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Robots Will Take Our Jobs...But How & When?

Robots Will Take Our Jobs…But How & When?

November 6, 2014

Robots and automated machines have been conveniently filling jobs that humans find boring and autonomous while we implement machine learning, sensors, and artificial cognition in hopes of them being able to take on even more human jobs, alleviating the need for human labor and opening the job field so that humans can continue to self-actualize through new jobs. It’s hard to believe when you hear that 70 percent of today’s jobs will be replaced by robots by the end of the century!

Just 200 years ago, the Industrial Revolution began and left less than 1 percent of the human/animal instro5workforce in lieu of implementation of automated machines. Instead of creating a large unemployable workforce, it instead allowed those workers to segue into a new workforce while making their jobs easier through use of farming machines that till or pick vegetables and machines in the assembly line to put machines together or lift heavy objects. As horses and mules were largely phased out as a workforce, humans will soon be replaced by machines that can outperform tasks without being overworked or bored. “We’re moving the unskilled jobs into skilled jobs. And that is going to be a challenge for us going forward,” says Henrik Christensen, director of the Institute for Robotics and Intelligent Machines at the Georgia Institute of Technology. “If you are unskilled labor today, you’d better start thinking about getting an education.” But soon, even lawyers and paralegals, pharmacists, store clerks, cashiers, journalists, can give benign tasks to competent machines who can easily handle their more mundane tasks of each profession, like point-of-sale checkout, filling prescriptions, or handling paperwork.

The coming quantum computer movement looks to progress real artificial intelligence in robots by honing in on the way machines learn, remember, and work so they can be adaptable to the external stimuli around them.”We employ the theory of a quantum random walk to show how an agent can explore its episodic memory in superposition to dramatically speed up its active learning time,” Martin-Delgado said. “Utilizing quantum physics to promote artificial intelligence learning has the ability to provide a quadratic increase in speed in active learning, critical when the environment changes on timescales of the ‘thinking’ time of the robot.” These robots and capabilities are being built to take on tasks that require abstract thought processes and higher knowledge. There are already computers that churn out stories and newscasting based on submitted data-and they can do it within seconds instead of hiring and expensing the means for a beat reporter to attend and write about a game.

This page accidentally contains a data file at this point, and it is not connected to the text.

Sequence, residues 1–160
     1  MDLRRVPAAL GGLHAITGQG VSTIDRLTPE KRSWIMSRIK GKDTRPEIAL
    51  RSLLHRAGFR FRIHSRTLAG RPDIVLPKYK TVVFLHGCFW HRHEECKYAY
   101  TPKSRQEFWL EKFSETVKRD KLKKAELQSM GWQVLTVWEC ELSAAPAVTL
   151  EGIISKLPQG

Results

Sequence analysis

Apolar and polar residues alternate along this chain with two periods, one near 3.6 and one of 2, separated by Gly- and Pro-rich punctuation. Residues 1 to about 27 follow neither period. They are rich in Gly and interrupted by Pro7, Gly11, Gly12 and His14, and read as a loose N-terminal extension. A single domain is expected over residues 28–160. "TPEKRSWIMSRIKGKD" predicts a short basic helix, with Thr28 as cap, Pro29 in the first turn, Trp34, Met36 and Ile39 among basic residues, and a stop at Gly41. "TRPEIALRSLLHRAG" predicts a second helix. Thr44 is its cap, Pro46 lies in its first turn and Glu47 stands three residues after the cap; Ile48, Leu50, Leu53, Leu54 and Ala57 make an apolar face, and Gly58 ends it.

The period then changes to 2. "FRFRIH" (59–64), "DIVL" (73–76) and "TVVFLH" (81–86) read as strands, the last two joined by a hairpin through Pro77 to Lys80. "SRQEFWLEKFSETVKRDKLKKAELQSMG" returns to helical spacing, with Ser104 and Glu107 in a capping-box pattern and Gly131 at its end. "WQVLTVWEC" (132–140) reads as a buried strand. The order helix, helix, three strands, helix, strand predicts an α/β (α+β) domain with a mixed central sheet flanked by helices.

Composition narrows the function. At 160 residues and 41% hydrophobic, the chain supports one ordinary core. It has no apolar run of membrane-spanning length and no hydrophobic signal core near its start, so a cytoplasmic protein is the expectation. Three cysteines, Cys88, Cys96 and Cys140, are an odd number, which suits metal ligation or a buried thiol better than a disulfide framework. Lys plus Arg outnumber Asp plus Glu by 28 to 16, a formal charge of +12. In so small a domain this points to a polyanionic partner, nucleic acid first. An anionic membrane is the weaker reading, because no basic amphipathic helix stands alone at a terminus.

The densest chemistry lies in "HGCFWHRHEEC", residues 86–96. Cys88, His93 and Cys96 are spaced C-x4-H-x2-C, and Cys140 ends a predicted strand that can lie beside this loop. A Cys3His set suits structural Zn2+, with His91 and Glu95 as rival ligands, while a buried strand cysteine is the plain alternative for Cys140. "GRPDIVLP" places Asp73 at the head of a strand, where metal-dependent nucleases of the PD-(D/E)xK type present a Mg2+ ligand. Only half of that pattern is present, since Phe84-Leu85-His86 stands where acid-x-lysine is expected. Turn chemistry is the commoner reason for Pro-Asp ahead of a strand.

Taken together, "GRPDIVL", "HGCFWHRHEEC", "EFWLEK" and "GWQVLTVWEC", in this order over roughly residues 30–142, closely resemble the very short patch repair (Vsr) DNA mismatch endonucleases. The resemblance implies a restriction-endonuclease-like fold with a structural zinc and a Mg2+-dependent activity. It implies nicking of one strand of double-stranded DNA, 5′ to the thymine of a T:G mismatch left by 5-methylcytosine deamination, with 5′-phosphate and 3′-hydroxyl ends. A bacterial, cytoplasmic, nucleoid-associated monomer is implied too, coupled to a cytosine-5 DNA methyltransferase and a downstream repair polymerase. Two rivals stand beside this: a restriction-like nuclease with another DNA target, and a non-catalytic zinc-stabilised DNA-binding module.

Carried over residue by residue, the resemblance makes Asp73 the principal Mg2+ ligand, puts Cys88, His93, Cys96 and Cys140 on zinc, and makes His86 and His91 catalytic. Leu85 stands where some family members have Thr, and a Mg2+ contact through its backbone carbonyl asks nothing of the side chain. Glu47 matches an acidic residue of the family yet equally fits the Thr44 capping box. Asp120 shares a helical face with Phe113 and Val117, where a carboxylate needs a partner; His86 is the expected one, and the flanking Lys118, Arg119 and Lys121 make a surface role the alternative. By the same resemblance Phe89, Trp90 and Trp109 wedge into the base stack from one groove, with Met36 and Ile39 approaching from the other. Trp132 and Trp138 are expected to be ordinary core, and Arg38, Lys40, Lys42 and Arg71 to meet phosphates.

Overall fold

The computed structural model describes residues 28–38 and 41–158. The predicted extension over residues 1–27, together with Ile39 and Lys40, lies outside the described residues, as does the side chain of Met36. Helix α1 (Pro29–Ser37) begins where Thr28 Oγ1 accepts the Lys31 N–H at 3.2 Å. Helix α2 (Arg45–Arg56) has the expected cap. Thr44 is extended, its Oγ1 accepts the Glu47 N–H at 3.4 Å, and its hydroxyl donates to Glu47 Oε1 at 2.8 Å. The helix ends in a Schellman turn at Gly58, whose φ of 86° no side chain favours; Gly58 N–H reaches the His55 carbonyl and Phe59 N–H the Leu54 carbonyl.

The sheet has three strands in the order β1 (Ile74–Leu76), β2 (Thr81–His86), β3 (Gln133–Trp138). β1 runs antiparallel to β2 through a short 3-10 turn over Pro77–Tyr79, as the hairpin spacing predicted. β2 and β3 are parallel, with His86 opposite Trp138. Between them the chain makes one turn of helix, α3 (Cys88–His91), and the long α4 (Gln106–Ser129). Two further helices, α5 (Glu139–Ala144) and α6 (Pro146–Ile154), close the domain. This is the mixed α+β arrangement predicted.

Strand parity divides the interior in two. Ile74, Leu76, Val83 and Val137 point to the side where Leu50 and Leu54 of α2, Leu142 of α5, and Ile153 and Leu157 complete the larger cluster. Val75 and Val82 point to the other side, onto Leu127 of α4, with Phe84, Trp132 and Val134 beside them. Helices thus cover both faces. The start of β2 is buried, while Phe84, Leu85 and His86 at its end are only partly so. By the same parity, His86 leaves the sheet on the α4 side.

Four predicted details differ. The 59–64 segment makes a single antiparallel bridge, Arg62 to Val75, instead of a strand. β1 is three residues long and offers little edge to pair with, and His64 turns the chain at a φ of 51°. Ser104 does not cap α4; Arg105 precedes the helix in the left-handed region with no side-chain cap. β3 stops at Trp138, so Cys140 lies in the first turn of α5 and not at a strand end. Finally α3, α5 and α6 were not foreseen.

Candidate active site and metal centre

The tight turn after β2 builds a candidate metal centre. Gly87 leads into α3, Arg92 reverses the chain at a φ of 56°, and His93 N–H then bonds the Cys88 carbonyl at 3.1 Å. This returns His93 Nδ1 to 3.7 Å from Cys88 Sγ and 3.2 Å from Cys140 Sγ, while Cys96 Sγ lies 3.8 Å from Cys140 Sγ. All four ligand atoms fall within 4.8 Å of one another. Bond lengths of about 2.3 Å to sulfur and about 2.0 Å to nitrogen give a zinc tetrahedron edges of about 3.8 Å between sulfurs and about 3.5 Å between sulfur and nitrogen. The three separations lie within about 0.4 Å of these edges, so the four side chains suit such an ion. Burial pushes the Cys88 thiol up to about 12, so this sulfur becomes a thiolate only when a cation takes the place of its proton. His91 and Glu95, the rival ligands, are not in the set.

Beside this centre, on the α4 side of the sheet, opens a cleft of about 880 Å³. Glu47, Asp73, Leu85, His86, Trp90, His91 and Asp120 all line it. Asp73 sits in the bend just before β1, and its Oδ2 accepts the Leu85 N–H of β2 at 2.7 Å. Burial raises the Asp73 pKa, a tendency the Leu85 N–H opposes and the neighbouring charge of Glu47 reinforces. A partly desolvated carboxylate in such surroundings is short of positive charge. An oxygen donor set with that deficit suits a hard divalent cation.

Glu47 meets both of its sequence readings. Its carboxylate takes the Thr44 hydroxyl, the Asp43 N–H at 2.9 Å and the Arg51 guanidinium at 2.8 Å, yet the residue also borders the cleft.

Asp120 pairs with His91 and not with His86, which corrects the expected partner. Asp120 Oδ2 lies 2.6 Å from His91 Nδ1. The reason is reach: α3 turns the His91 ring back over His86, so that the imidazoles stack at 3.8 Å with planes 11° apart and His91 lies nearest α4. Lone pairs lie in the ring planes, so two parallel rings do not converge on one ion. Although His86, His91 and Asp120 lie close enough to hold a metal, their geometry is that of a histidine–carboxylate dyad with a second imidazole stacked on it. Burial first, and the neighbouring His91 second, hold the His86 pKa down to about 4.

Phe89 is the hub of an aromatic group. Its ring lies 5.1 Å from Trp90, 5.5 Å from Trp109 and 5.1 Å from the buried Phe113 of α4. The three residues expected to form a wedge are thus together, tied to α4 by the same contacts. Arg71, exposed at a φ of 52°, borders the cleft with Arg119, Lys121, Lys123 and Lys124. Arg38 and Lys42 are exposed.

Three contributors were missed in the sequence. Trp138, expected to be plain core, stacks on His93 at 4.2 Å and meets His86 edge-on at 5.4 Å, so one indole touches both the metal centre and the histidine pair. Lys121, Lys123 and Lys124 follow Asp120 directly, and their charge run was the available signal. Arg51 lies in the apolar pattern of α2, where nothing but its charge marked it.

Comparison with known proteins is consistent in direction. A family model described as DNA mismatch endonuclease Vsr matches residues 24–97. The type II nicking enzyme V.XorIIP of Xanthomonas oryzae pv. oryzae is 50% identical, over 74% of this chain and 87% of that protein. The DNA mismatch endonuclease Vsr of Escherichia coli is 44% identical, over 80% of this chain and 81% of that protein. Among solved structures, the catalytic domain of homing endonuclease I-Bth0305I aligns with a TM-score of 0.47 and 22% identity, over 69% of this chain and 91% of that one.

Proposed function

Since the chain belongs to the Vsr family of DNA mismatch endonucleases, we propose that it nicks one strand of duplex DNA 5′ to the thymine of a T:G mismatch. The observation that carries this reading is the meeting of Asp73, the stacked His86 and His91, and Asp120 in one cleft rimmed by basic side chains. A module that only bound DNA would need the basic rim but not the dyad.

People often repress or express the awkward uneasiness around robots, but many who are building them and working alongside them are combating the want for robots to try and be human-like, because, frankly, the “uncanny valley” that our brains take us to when we witness humanoid robots isn’t what will help robots to segue into the workplace. However, robots will eventually perform we have been doing, and do them much better than we could. They’ll do jobs we can’t do at all, and they’ll come to do jobs that we never imagined needing to be done. As we segue out of these position, we will be able to finally discover new jobs for ourselves, new tasks that expand who we are. We can teach the robots take our jobs like we did in the Industrial Revolution so we can follow the intrinsic motivation to do more work that matters to us!